4.1. Amniotic Membrane Transplantation

Amniotic membrane transplantation (AMT) is a method to help recreate the integrity of the ocular surface. The amniotic membrane (AM) consists of an overlying basement membrane with a rich extracellular matrix, including heparin sulfate proteoglycans, laminin, and collagens. These components act as a scaffold for the epithelial cells [38, 42, 43]. The AM also contains various growth factors, protease inhibitors, and anti-inflammatory and antiangiogenic factors and thus exerts potent anti-inflammatory and antiscarring effects [44]. The AM mimics the natural stem cell niche and therefore has the potential to enhance the self-renewal of limbal epithelial stem cells [45]. For the past decade, the amniotic membrane has become an ideal substrate for various transplantation procedures on the ocular surface [46, 47].

4.2. Autologous Conjunctival Limbal Transplant

Traditional autologous limbal transplantation has a long history. In 1989, Kenyon and Tseng described a large series (26 consecutive cases) of conjunctival limbal autograft (CLAU) in patients with unilateral ocular surface diseases [48]. A six-month follow-up study showed that the CLAU resulted in the improvement in visual acuity, rapid surface healing, and stable epithelial adhesion without recurrent erosion or persistent epithelial defect, as well as a regression of corneal neovascularization. This pioneer work identified that the transplanted limbal tissue can rehabilitate the corneal surface [48]. However, traditional autologous limbal transplantation requires a large limbal epithelial biopsy from a healthy eye, which increased the potential of damaging the donor eye [49].

4.3. Allograft Limbal Stem Cell Transplant

For patients with a total bilateral LSCD, allograft limbal stem cell transplant is one of the approaches to reconstruct the ocular surface [6]. The conjunctiva and limbus, presumably including stem cells, can come from living relative (parent or sibling) or cadaveric limbal tissues. Allograft limbal stem cell transplant can provide immediate postoperative epithelialization and rapidly reconstruct the ocular surface. However, to avoid rejection of the allograft, systemic immunosuppression is required. Adverse effects related to long-term immunosuppression are common, including anemia, hyperglycemia, elevated creatinine, and elevated levels of liver function markers [50, 51]. Interestingly, a long-term study showed that eventually, only recipient DNAs were detectable in the regenerated epithelium of the majority of the successful cases. This suggests that the allografted limbal epithelium promotes regeneration of the corneal epithelium in patients with LSCD, at least in part, by activating residual stem cells and enhancing their self-renewal [52]. It is possible that allografted limbal stem cells secrete factors that are necessary for maintaining stem cell homeostasis. It is very important to elucidate what these factors are and whether direct application of such factors onto the ocular surface can restore the corneal epithelium.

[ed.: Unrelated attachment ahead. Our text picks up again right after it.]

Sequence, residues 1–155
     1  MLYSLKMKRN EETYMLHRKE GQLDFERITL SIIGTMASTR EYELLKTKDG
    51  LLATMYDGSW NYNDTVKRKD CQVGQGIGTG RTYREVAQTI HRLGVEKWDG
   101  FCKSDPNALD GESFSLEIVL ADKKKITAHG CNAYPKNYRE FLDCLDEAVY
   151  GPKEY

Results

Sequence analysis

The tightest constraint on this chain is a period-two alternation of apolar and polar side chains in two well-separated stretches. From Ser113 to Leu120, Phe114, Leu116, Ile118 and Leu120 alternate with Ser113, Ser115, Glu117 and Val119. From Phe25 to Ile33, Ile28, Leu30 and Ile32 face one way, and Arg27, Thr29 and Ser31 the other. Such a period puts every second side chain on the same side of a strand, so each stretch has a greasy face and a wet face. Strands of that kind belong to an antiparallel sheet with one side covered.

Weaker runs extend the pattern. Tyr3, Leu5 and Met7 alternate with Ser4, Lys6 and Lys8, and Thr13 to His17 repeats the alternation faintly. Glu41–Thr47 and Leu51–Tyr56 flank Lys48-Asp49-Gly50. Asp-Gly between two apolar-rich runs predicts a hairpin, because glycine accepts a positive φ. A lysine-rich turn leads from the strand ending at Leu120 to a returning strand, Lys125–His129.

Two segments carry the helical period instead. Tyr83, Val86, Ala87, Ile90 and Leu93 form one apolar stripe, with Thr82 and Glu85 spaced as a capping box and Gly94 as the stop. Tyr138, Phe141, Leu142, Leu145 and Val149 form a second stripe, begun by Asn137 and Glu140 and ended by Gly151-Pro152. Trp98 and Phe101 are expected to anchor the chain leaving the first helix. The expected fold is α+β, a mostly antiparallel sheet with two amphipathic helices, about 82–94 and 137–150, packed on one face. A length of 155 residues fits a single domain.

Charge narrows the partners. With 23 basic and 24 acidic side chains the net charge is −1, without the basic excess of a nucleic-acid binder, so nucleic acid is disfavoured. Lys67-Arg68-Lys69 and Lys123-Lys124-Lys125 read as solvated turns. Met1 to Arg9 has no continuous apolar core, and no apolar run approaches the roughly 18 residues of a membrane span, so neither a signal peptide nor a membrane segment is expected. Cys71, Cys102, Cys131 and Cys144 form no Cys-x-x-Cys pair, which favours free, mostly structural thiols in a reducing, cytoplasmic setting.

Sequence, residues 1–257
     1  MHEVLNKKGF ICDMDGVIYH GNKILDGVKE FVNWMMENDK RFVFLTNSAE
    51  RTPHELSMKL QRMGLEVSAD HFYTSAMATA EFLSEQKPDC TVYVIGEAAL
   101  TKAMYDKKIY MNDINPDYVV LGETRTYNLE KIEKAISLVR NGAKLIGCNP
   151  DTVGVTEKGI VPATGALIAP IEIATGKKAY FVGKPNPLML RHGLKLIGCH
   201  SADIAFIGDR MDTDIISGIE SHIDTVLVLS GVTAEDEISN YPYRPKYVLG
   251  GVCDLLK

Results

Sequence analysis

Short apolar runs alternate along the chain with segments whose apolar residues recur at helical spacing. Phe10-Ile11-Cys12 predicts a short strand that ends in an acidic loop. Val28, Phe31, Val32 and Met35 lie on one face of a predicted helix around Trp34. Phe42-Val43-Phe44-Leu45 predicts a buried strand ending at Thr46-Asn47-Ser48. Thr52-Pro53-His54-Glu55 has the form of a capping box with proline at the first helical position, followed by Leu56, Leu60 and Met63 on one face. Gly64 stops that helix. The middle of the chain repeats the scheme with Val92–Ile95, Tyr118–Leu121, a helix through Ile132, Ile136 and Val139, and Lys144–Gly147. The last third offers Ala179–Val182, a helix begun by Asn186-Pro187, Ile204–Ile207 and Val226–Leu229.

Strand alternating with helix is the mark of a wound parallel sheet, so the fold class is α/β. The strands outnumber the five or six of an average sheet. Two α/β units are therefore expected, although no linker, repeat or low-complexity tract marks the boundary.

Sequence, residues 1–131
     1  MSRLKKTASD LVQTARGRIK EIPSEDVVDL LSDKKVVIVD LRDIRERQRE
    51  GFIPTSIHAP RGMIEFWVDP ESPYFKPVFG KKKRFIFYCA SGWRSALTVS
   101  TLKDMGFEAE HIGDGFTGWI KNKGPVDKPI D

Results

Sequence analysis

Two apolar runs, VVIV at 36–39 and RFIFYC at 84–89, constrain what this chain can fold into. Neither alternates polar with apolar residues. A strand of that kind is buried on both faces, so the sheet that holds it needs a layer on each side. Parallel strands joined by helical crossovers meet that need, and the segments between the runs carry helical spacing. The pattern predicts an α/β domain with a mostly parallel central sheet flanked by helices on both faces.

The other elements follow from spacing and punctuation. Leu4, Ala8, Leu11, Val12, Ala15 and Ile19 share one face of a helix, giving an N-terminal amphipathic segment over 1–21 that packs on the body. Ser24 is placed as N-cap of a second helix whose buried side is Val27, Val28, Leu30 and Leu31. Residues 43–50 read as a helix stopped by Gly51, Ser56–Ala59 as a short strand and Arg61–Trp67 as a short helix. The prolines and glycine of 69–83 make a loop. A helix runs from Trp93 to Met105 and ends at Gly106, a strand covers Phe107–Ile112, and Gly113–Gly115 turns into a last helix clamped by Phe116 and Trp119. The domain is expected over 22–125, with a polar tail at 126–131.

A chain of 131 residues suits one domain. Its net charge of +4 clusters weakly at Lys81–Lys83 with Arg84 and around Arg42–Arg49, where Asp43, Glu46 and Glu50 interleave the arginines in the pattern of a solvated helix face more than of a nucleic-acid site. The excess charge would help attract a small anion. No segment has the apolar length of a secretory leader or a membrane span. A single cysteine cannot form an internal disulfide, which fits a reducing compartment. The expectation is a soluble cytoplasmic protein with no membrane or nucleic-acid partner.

4.4. Simple Limbal Epithelial Transplantation (SLET)

In 2012, Sangwan et al. introduced a simple limbal epithelial transplantation (SLET) [53]. In this technique, a fresh amniotic membrane had been attached on the cornea by a fibrin glue; a small (2 × 2 mm) donor limbal graft from the unaffected eye was harvested and divided into tiny pieces and then seeded on the AM. This technique provides a simple approach that makes the LESCs expand in vivo [5460].

A multicenter study on 68 eyes from patients who underwent SLET for unilateral LSCD reported promising results [61]. Clinical success was achieved in 57 (84%) cases. With a median follow-up of 12 months, the survival probability exceeded 80%. Recently, long-term clinical outcomes of a large cohort of patients (125 cases) with unilateral LSCD occurring after ocular burns showed that 76% patients maintained a successful outcome. In addition to surface restoration, most patients undergoing SLET reported a significant improvement in visual acuity. Immunohistochemistry revealed successful regeneration of the normal corneal epithelium (CK3(+)/12(+)) without admixture of conjunctival cells (Muc5AC(−)/CK19(−)) and replenishment of the limbal stem cell (ΔNp63α(+)/ABCG2(+)) reserve [62]. The SLET has a similar success rate to the traditional autologous limbal transplantation. Better yet, different from conjunctival limbal grafting, autologous SLET requires only a tiny limbal tissue from the unaffected eye carrying minimal risk to the donor eye. Additionally, in comparison with ex vivo cultivated limbal epithelial transplantation, SLET does not need clinical-grade laboratory support, which has the advantage of low cost and is easily replicable by practicing corneal surgeons [63].